Nomvula Mokonyane’s buttocks: When sensationalism supersedes logic 

On Monday, I was bombarded with the headlines of leading South African media agencies – including City PressEye Witness News and SowetanLive – all claiming that Water and Sanitation Minister Nomvula Mokonyane had pledged to defend President Jacob Zuma with her bums. Yes, her bums.

Mokonyane has been known to make some cringeworthy statements but this time it wasn’t her words but rather the obtuseness of our media that had me cringing.

In the articles, written by a journalist for the South African Press Association, it’s explicitly stated that what Mokonyane had said was “Re tlo thiba ka dibono” which, when directly translated, means “We will defend Zuma with our buttocks”.

Now, the absurdity of this statement is quite clear and Mokonyane, who has had her fair share of dramatic statements in the past year, has been ridiculed for it.

Mokonyane is an easy target.

In October 2013 while still serving her term as the Premier of Gauteng, Mokonyane visited Bekersdal, the site of serious service delivery protests, and reportedly told the discontent residents: “People can threaten us and say they won’t vote but the ANC doesn’t need their dirty votes.” Her comments outraged residents who made it known that Mokonyane and the ANC were no longer welcome in their community.

This week the media capitalised on Mokonyane’s past transgression in Bekersdal and sensationalised what in retrospect is not even newsworthy. Doing so meant ignoring – whether deliberately or through sheer ignorance – the possibility that she may have been using a figure of speech, which of course, she was.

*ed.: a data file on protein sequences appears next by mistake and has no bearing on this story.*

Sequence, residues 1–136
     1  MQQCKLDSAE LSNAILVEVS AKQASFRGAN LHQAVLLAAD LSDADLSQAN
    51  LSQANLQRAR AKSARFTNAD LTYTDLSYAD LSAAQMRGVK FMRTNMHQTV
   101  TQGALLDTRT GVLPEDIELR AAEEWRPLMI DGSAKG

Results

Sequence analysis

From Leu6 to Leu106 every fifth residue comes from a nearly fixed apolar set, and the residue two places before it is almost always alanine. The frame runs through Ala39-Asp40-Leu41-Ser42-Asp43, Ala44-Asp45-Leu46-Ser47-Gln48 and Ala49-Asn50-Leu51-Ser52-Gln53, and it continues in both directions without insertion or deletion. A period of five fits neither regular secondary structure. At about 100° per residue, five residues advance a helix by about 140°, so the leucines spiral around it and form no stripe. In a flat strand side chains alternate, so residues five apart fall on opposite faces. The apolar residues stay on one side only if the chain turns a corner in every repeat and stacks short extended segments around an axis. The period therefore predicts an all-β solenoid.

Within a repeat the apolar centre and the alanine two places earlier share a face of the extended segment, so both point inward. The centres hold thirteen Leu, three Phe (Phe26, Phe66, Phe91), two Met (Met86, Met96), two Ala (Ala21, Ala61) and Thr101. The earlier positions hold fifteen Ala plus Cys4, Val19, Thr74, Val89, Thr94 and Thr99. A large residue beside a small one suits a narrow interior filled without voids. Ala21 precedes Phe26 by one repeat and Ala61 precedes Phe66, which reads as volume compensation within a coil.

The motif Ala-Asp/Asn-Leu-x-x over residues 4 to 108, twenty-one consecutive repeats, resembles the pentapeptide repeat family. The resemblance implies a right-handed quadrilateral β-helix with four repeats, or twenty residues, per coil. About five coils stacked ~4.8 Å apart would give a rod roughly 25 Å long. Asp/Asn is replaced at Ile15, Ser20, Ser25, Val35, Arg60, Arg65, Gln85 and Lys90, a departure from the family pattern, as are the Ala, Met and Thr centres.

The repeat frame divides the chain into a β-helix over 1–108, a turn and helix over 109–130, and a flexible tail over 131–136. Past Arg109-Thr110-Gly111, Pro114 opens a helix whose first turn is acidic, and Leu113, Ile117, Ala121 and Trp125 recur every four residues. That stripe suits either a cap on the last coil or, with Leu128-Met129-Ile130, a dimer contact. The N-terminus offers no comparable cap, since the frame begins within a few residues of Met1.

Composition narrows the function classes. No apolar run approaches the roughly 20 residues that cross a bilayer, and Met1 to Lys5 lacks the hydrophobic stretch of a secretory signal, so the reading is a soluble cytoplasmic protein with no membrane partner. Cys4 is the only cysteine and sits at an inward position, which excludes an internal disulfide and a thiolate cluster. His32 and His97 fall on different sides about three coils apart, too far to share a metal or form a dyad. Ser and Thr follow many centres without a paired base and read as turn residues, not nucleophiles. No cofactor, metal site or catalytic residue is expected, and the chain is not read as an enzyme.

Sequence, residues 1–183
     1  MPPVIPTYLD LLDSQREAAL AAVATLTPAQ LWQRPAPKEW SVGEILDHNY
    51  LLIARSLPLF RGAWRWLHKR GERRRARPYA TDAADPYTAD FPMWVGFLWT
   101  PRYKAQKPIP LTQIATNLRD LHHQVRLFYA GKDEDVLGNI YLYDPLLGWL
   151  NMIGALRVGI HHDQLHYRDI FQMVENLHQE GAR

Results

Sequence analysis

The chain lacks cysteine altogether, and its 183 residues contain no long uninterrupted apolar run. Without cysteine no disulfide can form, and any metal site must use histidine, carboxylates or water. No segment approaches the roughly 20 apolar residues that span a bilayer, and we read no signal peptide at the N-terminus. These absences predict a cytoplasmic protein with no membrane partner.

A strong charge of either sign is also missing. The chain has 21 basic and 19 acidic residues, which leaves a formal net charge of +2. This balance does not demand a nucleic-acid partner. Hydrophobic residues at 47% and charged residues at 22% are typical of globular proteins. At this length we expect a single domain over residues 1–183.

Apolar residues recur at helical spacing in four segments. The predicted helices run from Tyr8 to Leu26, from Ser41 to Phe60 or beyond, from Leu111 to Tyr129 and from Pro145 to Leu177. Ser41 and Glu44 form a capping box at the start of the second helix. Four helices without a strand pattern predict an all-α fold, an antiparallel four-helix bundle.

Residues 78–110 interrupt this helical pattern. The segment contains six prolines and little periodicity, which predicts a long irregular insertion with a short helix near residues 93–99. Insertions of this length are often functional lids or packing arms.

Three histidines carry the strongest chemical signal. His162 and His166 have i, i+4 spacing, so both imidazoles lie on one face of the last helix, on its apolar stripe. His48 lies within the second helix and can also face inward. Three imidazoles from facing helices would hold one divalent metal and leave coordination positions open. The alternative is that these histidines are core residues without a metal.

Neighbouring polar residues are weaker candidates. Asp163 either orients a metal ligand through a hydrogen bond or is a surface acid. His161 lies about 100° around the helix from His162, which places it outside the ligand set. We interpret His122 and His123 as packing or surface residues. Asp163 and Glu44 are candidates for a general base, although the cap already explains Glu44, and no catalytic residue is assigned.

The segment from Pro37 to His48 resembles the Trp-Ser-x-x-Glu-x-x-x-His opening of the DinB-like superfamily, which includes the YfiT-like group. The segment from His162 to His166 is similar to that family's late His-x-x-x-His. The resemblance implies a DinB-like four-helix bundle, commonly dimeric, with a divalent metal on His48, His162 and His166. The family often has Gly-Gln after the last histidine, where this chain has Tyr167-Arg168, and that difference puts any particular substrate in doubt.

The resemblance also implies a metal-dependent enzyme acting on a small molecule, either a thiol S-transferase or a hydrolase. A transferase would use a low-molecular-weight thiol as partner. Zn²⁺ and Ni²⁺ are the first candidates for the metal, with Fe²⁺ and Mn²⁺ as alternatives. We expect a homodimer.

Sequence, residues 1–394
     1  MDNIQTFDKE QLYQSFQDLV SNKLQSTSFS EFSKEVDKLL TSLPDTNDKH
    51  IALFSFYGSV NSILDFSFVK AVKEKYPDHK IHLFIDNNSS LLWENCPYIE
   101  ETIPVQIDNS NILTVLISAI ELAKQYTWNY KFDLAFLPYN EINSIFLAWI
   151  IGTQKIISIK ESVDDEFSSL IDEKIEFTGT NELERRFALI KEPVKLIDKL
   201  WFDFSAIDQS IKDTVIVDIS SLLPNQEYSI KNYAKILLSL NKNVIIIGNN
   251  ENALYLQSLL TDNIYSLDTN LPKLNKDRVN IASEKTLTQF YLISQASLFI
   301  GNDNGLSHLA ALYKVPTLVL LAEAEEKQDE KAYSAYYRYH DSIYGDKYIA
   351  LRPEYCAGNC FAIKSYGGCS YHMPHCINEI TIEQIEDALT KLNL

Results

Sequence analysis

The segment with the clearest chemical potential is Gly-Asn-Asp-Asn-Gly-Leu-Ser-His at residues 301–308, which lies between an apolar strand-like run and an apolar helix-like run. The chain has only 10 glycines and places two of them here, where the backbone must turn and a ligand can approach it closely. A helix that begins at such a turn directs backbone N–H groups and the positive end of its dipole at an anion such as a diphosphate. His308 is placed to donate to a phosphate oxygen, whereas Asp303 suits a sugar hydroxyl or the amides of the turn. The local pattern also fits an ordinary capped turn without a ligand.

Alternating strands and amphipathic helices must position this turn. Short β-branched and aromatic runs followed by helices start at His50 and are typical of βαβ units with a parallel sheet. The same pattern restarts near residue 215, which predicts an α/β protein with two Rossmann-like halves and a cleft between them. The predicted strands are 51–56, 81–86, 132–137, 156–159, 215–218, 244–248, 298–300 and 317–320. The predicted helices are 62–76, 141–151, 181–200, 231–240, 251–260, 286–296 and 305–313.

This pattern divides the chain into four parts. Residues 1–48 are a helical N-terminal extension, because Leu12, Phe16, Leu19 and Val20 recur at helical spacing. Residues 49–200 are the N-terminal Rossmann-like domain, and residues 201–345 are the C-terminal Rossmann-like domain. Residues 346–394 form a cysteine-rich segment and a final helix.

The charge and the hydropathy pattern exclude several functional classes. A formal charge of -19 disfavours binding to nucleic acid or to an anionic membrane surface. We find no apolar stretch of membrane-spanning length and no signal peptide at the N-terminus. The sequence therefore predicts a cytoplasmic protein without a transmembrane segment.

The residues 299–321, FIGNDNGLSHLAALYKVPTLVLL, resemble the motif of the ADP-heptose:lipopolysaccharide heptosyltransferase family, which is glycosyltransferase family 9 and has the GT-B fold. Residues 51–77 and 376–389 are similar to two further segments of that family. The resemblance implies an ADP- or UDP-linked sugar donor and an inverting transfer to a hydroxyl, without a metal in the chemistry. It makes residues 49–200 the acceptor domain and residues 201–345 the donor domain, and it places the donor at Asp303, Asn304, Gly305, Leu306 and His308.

As a Setswana speaking person, I immediately knew that Mokonyane’s words were not meant to be taken literally.

I called my mother to verify what I already knew, and she confirmed to me that “Re tlo thiba ka dibono” is a Sotho idiom. This particular one implies that one will fight to the very end.

Idioms are common in every language, and African languages are no different. In Setswana we call them diane, and they are used all the time.

When I was a child and wanted to eat all the chocolate my mother had bought me in one day, she would say “Phiri o rile ga bo se gangwe”  meaning“The wolf said that the sunrise does not come once,” a figure of speech, which in English would be rendered as “Tomorrow is another day.”

I can only assume that if a journalist had overheard this interaction, she would have reported my mother to the authorities for being a crazy woman who claims to talk to wolves.

The reporting in Monday’s papers undermined not only the minister, but also the Sotho language and highlighted the wilful ignorance of journalists and editors who could easily have cleared up the confusion over the figure of speech with a simple phone call to a Sotho speaker.

But I suppose “fighting with our bums” sells more papers than “fighting to the end”.

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